First of all, many of you were attending the IGF last year and that document was actually introduced formally.  And that the ‑‑ since then, I'm sure it was touched on briefly, that we have seen quite significant progress being made by some of the countries before I actually get into that, the Japan perspective.  And the reason why I'm showing this is that I think that after two decades of the IPv6 initiative, what the industry and the community has kicked up, we are actually entering ‑‑ definitely entering into the tipping point, actually.  Now the adoption of IPv6 is now entering into the main stream and few countries I highlighted, Uruguay, and Brazil, are really none straiting how the global south is now the front‑runner in terms of driving and adapting the IPv6 we have seen the IPv6 adoptions pretty much around developing count, the global north, if I may say so.  But in the last 12 months, we are now observing that it's not about the adoption driven by the global north but the south is now taking the front seat.

And this is very much relevant to the ‑‑ the next SDG agenda, that we are going to expect that there are new Internet users, it's going to really be on the Internet based on the IPv6 going forward.

So on the Japan side.  I have should actually talk about Japan.  In the last 12 months, here's what we have done from Japan perspective, but as I briefly mentioned, that the ‑‑ and some of you know that Japan has been on the ‑‑ this long journey of the IPv6 deployment, and adoption since day one.  Our community got involved heavily in the technical standard development in the late '90s and we have also had the government initiative to really drive the adoption of IPv6 as a new infrastructure for the digital age.

So we have really gone through the ‑‑ I mean, really many long journey over the last 20 years, and I would also like to actually emphasize, it's not only for us in Japan, but we are pretty committed to the global community and also the region, so that we are pretty much enjoining the best practice sharing, not only within the nation, but also outside the country to date.

So to be specific on the ‑‑ on what has happened in the last 12 months, notably, we have had a couple of significant updates in terms of how the ‑‑ the IPv6 are getting further adopted or adoption of IPv6 got accelerated.  The one most importantly to highlight here is the mobile operator.  The IPv6 initiative to date has been centered around the wire line infrastructure, the ISP and the backbone providers and the wire line operators, their infrastructure.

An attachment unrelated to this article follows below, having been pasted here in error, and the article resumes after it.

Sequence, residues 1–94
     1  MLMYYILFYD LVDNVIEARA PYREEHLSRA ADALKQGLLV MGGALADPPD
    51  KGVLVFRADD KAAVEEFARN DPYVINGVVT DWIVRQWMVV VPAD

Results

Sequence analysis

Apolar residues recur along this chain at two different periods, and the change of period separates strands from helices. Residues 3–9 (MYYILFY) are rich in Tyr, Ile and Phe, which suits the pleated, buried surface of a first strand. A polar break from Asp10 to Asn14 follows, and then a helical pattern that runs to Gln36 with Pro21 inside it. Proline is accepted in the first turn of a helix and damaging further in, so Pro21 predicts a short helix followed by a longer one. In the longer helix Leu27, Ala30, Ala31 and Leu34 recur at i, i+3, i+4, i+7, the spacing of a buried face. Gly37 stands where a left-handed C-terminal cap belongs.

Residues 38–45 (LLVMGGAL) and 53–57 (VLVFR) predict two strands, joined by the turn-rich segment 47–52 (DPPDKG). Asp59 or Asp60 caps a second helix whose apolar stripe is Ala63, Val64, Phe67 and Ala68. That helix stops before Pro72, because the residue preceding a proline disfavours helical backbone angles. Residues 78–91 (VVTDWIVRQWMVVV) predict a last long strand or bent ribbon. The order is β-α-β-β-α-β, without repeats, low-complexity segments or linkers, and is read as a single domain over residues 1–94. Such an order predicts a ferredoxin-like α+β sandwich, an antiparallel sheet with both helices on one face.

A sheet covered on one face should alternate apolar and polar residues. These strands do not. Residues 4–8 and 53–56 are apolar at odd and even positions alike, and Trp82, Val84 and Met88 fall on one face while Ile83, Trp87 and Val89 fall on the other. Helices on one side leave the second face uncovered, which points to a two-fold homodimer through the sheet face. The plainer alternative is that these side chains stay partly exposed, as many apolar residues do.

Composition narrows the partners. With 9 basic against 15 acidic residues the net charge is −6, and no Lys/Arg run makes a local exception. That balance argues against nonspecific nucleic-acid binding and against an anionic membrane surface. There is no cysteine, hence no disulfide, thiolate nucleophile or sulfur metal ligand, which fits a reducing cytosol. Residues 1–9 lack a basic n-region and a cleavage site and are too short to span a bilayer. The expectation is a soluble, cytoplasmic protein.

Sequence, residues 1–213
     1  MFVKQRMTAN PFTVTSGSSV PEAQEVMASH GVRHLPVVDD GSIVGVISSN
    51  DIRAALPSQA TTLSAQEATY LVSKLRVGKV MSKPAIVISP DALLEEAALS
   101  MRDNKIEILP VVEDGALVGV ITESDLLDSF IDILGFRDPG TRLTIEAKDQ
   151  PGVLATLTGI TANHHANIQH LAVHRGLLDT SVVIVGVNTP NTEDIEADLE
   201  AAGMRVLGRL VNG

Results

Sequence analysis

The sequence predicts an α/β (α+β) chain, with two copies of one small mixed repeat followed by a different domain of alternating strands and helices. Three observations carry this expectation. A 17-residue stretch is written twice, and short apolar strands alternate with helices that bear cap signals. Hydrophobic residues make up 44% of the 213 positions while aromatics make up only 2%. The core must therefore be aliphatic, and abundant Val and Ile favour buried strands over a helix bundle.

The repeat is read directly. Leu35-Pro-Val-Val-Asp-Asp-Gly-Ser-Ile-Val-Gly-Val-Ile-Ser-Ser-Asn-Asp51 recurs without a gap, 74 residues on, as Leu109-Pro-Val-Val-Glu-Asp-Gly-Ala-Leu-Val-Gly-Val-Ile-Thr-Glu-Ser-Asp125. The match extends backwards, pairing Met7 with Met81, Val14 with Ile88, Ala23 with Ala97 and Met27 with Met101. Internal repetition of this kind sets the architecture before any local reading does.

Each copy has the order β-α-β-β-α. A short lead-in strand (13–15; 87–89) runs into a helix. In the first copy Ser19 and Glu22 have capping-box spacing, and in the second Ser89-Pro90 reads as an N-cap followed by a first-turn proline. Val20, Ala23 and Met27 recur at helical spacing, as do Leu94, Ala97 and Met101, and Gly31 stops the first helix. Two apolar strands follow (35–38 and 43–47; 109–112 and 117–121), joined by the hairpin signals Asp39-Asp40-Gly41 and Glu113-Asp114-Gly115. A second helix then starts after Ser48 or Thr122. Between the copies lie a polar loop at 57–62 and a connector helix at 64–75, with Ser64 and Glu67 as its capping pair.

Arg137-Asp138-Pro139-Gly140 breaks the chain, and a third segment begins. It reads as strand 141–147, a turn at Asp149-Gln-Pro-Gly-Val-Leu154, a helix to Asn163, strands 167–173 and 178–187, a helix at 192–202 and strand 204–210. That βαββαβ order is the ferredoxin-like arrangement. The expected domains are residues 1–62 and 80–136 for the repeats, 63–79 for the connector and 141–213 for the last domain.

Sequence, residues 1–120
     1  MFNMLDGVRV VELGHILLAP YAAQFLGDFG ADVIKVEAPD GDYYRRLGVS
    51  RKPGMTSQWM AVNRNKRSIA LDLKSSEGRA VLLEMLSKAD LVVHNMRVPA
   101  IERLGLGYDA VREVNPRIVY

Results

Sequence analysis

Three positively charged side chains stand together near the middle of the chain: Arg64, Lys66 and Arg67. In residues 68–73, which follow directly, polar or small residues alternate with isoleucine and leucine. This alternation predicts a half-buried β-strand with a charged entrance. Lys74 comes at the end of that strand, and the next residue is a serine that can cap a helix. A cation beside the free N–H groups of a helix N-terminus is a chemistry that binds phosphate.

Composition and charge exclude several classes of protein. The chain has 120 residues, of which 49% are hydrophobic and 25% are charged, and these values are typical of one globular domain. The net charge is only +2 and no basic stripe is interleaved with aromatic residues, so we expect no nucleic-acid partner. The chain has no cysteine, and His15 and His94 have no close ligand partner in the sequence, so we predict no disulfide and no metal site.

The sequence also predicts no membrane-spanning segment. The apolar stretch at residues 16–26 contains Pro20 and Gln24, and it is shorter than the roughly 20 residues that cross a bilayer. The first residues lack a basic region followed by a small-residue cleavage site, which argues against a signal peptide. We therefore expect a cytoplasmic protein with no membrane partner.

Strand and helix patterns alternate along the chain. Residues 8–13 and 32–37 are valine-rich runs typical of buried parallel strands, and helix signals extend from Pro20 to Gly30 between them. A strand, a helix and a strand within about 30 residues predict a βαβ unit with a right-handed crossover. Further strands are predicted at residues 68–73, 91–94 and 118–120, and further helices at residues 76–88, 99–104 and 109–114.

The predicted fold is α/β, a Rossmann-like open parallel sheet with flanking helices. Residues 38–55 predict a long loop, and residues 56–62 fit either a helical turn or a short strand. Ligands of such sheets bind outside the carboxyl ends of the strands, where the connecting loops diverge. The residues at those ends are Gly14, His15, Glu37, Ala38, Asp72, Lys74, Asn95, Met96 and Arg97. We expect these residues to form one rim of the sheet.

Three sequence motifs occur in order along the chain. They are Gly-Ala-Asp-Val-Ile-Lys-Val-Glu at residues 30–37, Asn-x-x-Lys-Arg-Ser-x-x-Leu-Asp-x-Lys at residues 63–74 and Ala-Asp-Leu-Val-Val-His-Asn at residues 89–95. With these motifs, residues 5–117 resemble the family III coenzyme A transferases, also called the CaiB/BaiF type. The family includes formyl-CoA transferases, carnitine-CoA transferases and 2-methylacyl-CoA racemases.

Now in the last six months I would say, in 2017, we were very happy to see that all the mobile operators, the three major mobile operators we have in Japan, stepped up and now they have put IPv6 as a default as IP services on their mobile infrastructure.

So we think that we are on the right course of action in terms of really driving adoption of IPv6 throughout the older infrastructures involved, but with the new initiative seen from a mobile operator, we think the adoption rate will really pick up in the next coming few years.

So that's one.

The other stuff, we also like to call it out is content providers.  We are finally also seeing not only the infrastructure players but the content players getting pressure, because of the movement from the big giants such as the Google and Facebook and so on, who really made IPv6 stand.  Local content providers are now also seeing that they now need to move in terms of getting IPv6 ready.

So this is another positive sign that we have seen in the last six months, since it was updated last December in Mexico.

And that's pretty much it.  So let me move on to the next slide.

So one of the things that we may also share, why Japan has been the front‑runner in driving and adopting IPv6, there are two secret success, if I may say so, which I would like to share.  One is that we have very strong tech community.  So we have ‑‑ we are very fortunate that before facing the need of capacity building to deal with new technology adoption, we have those very strong tech communities, really staying on top of the IPv6.  That's one.  But more ‑‑ more importantly, I think that as a country, some regions could also somewhat have a look at the best practice from Japan, is the fact that we do have the IPv6 Study Group framework installed by the government initiative.  They are not only the government possibly going to the meetings, but the academia and the private sector and sometimes the citizens, the stakeholders who are invited in the Study Group, and the meetings, and what we do is basically as a collective group of the IPv6 concerns the stakeholders, we basically review which part is actually really making progress and which part of the critical infrastructure or the services have to take the action to really drive the nationwide adoption.